On the Waterfront (1954)
Marlon Brando's Method Acting: The Seamless Blend Of Masculine And Feminine
By: Domonique Cox-Salberg
Marlon Brando’s approach to acting has left an enduring impression on audiences and showbiz. He has the ability to tap into feminine and masculine energy seamlessly like no other, with an underlying fiery component for which he has brought to several roles. Magnetic, vivid, and penetrating, are what define Marlon Brando performances and what came to be from his portrayals was the popularizing of method acting.
For those unfamiliar, method acting (created by Konstantin Stanislavski) involves utilizing techniques that seek to encourage sincere and emotionally expressive performances. Artists that favor the style are some of the most popular and sought-after actors, such as Christian Bale, Daniel Day-Lewis, Al Pacino, Jack Nicholson, Dustin Hoffman, and the late James Dean. But among all these talented individuals, Marlon Brando radiates an aura, not better, but indeed unlike the others. One of mystique, deep intensity and unpredictability.
Quick jump to the following sections:
Marlon Brando’s Tender Performance in On the Waterfront (1954)
Instinctive, tremendously creative, Brando knew when to let things flow and when to pow—this is how the director Elia Kazan of On the Waterfront described Brando’s acting. Later, saying he is a genius and a trailblazer, for which many others would agree. His turn as Terry Malloy, for instance, highlights his intuitive acting, together with his ability to tap into feminine and masculine energy that set him apart from the rest. Two scenes in particular stand-out most to exemplify this sentiment; when Terry and Edie are in the park, and arguably the film’s most powerful scene, when Terry and Charley are in the taxi.
The famous glove scene between Terry and Edie helps us to grasp Brando’s pioneering side, which radiates. She drops a glove. He picks it up, and rather than handing it back, he pulls it on over his hand. He naturally and confidently, improvises putting on her glove while still carrying on their conversation. It was so great that Kazan chose to keep it in the film.
Still, the real magic that Brando brings to the scene is his talent for embodying the persona of Terry Malloy with a subtle mix of charm and sensitivity. He demands Edie’s attention with just enough assertive energy as he initiates and controls most of the conversation (masculine), then keeps her engaged with an undercurrent of warmth and gentleness (feminine) to his approach.
We see this when he removes some dirt before putting the glove on with care (he was famous for physical gestures like this during critical scenes), communicating to her, ‘I like your company, let’s talk more’ without being aggressive or too forthright. Now, some may be thinking, the other great actors listed above can authentically evoke a surplus of emotions, so what is so different about Brando? Well, the difference is when he does it, a parody is not created because he was a pioneer for the way modern actors perform and method acting. Brando was one of the first and best at bringing this style to the silver screen. Everyone after him will always be an extension of Brando until a new method is created.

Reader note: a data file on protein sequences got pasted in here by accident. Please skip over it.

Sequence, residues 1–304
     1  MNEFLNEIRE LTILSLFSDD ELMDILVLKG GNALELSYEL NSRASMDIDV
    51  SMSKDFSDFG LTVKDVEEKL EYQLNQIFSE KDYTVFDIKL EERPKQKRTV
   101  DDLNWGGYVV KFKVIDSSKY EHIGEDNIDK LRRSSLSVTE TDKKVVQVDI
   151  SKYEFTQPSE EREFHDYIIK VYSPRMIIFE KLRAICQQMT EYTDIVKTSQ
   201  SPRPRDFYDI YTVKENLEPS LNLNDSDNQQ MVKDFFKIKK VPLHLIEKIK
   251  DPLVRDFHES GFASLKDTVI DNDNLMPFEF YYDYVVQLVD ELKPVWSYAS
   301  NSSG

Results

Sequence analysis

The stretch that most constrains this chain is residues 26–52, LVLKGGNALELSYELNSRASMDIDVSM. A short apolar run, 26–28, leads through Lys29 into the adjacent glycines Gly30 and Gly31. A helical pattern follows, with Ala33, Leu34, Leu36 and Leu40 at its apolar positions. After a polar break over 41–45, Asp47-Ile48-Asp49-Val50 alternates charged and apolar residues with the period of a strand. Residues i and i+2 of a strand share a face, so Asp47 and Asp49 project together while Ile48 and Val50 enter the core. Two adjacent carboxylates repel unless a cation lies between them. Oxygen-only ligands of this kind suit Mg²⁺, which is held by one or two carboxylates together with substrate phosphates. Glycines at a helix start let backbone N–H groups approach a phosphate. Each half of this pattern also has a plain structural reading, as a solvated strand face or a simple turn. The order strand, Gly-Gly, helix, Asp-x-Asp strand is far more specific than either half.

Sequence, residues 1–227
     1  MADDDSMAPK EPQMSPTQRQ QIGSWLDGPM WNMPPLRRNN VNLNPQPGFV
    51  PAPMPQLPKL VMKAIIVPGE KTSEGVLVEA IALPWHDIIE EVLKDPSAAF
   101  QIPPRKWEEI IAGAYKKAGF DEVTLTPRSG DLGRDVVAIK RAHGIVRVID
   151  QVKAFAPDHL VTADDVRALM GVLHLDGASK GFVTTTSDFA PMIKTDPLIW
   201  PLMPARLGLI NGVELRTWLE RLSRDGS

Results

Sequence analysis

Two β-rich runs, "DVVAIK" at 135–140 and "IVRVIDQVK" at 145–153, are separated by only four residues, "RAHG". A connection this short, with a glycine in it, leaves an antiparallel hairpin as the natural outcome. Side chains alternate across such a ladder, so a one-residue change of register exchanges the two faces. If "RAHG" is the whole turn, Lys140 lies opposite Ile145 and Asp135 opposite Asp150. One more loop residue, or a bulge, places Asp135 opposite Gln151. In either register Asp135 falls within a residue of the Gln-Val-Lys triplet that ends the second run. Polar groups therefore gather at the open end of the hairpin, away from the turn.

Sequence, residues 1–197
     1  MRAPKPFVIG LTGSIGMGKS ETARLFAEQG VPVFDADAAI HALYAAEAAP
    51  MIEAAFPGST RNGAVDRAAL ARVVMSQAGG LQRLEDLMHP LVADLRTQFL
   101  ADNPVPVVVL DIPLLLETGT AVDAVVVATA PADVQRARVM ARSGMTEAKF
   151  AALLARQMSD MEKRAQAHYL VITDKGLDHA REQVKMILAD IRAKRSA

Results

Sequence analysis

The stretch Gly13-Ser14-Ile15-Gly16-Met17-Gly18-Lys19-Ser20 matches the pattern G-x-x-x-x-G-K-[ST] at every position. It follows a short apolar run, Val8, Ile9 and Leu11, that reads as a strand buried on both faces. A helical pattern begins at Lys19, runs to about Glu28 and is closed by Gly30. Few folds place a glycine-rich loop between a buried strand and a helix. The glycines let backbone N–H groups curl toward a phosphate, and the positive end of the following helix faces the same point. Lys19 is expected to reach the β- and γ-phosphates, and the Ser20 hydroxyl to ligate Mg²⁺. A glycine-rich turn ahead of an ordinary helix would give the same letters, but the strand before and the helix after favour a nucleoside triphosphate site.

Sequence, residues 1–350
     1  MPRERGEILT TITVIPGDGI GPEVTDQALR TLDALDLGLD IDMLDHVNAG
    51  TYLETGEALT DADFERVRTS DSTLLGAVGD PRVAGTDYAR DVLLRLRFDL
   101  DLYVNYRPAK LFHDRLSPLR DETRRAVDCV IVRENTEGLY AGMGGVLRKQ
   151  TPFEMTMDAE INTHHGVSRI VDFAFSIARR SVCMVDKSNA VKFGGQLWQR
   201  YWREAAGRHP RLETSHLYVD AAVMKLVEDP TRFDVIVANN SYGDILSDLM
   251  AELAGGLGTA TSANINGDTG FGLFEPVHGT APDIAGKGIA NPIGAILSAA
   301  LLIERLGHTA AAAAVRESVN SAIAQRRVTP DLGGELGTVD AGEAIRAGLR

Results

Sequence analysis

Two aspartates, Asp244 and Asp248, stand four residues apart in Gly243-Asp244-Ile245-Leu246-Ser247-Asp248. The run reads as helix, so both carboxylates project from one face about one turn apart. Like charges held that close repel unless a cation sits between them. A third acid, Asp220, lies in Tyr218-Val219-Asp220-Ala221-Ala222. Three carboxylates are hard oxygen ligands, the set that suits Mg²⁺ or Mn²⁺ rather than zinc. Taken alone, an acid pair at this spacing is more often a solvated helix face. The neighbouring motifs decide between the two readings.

“I coulda been a contenda”
Nevertheless, the film’s most iconic scene that speaks to Brando’s affinity for linking both masculine and feminine energy to his performance happens during the profoundly remembered Terry and Charley taxi scene. Those who have not even watched On the Waterfront, know the famous line, “I coulda been a contenda” it is that ingrained in pop culture. For those that have seen it, they know that the entire scene is marvelous.
It begins with Charley pulling a gun on his brother, Terry, for which he responds with tenderness and disappointment instead of fear or anger. What other actors, when his brother draws a pistol to force him to do something shameful, would put his hand on the gun and push it away with the gentleness of a caress? Who else could read `Oh, Charley!’ in a tone of reproach that is so loving and so melancholy and suggests the tremendous depth of pain? Brando did that.
Terry Malloy: It wasn’t him, Charley, it was you. Remember that night in the Garden you came down to my dressing room and you said, “Kid, this ain’t your night. We’re going for the price on Wilson.” You remember that? “This ain’t your night”! My night! I coulda taken Wilson apart! So what happens? He gets the title shot outdoors on the ballpark and what do I get? A one-way ticket to Palooka-ville! You was my brother, Charley, you shoulda looked out for me a little bit. You shoulda taken care of me just a little bit so I wouldn’t have to take them dives for the short-end money.
Charley Malloy: Oh, I had some bets down for you. You saw some money.
Terry Malloy: You don’t understand. I coulda had class. I coulda been a contender. I coulda been somebody, instead of a bum, which is what I am, let’s face it. It was you, Charley.
In that small amount of time, Brando delivered a range of emotions effortlessly. Sentiments of surprise, disappointment, shock, anger, deep sadness, regret, and brutal acceptance in this scene, show us what Brando is capable of at his best. To that end, Marlon Brando’s immeasurable influence on the general change of tone in American movies can be seen not only in the 1950s but today in our favorite stars. However, what has yet to be replicated, is his talent for balancing masculine and feminine energy, with a spark of his fiery charm that may never be forgotten.
My Note To The Reader:
Are you a fan of method acting? If so, what actor do you love seeing most use the famous style?